The interview went well and our application was approved. "Your visas will be mailed to you," the officer told us.

As 1998 rolled in, waiting for our visas became agonizing. Our medical results were valid only until March 14, 1998. We had to be in Canada by then, or we would have to repeat the medical tests and re-submit our applications without the assurance of obtaining the same result. (I think the procedure has since changed.)

What do we do while waiting? Begin packing? Start selling our stuff? Pull out the kids from school? Close our flourishing graphic design business? Say our goodbyes? We had a hundred things to do and we wanted to move fast, but it was impossible to do so without the visas in our hands. What if they came after March 14? That would put our lives on indefinite hold.

We were almost at the end of our wits when our visas arrived around March 1. We were jubilant! Thank you, Lord!! But as we had expected, they were expiring on March 14. Two weeks! We had two weeks to enter Canada. Although we had made a lot of preparations, the major ones still needed to be done.

Our life spun in dizzying speed in the days following. It was crazy. The time was not enough to leave everything in order. Our house was a mess. Some bills were unpaid. To our big gratitude, our siblings willingly came to our rescue. They took care of things we had no more time to attend to. Thank you, thank you, thank you.



Trying to clearly think outside the box
That's me in the midst of the mess.


(To be continued, part 2)

Tuesday, March 02, 2010

Games over man


The Vancouver 2010 Winter Olympics are over. Sighhh... Vancouver is feeling the blues.

It was a spectacular, action-packed 17 days like we never had before in beautiful British Columbia. A big international event like this close to home may never be repeated so I enjoyed it while it lasted. Donned my reds and whites, visited celebration sites, and watched the games daily on at least three TV stations. It didn't matter if I was watching alone. I cheered like a crowd. Go Canadaaaaaa!!!!

Because my younger boys complained I was too loud for the living room and our dog kept barking at me when I screamed, I often watched the games behind closed bedroom doors. Hubby was extra gracious. He brought me dinner, sometimes snacks and breakfast too. Then we watched and ate together.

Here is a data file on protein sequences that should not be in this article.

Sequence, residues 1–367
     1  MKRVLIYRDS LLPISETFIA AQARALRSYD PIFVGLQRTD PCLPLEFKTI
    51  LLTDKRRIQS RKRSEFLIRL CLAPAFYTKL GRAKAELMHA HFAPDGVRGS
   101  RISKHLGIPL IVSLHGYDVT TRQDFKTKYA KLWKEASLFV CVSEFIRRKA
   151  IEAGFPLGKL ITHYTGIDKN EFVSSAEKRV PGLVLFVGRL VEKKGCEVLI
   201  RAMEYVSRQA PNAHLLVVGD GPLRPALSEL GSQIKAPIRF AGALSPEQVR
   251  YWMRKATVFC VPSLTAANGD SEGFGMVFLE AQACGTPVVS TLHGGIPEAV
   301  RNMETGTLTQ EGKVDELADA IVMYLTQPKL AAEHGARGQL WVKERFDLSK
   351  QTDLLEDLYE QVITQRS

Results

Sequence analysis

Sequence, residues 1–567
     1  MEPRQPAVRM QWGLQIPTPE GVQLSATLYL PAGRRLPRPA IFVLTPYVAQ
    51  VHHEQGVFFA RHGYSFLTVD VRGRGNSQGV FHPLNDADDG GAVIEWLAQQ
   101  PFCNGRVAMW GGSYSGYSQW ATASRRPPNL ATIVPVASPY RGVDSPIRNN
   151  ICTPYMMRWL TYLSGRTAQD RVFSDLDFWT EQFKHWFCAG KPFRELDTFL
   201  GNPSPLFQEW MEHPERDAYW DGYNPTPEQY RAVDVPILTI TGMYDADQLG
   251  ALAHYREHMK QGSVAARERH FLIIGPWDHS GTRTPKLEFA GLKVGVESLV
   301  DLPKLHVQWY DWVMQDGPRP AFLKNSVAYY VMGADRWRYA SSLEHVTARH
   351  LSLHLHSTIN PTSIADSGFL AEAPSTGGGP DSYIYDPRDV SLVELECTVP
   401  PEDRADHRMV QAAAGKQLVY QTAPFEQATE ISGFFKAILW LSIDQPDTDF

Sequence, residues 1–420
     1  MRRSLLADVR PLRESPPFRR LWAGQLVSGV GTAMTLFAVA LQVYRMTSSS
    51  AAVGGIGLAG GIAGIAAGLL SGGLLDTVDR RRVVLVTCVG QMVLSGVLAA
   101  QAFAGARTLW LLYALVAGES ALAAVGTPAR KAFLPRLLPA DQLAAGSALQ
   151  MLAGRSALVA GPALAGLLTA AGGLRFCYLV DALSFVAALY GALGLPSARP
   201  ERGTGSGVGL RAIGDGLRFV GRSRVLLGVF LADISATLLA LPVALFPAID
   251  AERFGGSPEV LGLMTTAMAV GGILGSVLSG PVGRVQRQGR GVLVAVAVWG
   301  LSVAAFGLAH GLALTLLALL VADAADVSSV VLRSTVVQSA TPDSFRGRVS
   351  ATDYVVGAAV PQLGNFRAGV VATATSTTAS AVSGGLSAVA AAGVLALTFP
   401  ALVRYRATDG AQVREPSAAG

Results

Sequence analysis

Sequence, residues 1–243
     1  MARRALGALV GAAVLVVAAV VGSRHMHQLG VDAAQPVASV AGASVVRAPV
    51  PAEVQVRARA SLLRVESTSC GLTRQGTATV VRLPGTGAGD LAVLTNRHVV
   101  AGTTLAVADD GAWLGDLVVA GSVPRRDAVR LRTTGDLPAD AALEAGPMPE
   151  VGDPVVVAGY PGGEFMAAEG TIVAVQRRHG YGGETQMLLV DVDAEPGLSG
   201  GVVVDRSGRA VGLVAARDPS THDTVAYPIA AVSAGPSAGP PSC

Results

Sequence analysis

"Thank you, sweetie. I'll make it up to you--on the next Olympics..." He could only chuckle and shake his head.

I was careful to cheer with my mouth full. I didn't wanna choke while Canada was playing. Go Canadaaaackk!

On the last weekend of the Games, when Canada was vying for gold in different events, I reserved the bigger TV in the living room till closing ceremonies. "No PS3 for now," I told the boys.

It was the Canada vs. Norway curling finals. At last, I saw a whole game of curling. I understood it too after having read up on its history, the mechanics, etc. In fact I was doing my own commentary spicing it up with some bits of curling trivia for my family watching with me.

"Mom, what's for lunch?" my son Mickey asked during one of the breaks. It was past 2 pm.

Lunch? Did we have breakfast?
I hadn't prepared anything. "Hmmm, we have bowl noodle soup," I told Mickey. "There's also pizza pop in the freezer..."

Meanwhile, I was glued to the TV. I never thought I could be this fascinated by curling and the now famous clown pants worn by the Norwegian curlers. I'd like a pair of those.

Even as I watched and cheered, I took lots of pictures of the curling game and other succeeding events and exhibitions on our TV screen.

"Mom, are you pretending you are watching them live?" Markus asked. Well, I can pretend to be figure skating too. I now have an album of TV photos, never mind if the CTV logo appears on most of them. These will go to my Olympic memorabilia. I'm the only one I know who takes snapshots of their TV screen.

The last day was probably the best. Canada vs. USA hockey finals. Again for the first time, I watched a hockey game all the way to the end. I screamed and jumped. Even hubby and Gino, not hockey fans too, couldn't contain their excitement. We were delirious when Canada won gold on overtime.

Now the Games are over. Things have settled down. I'm back to my routine.

Till the next Olympics!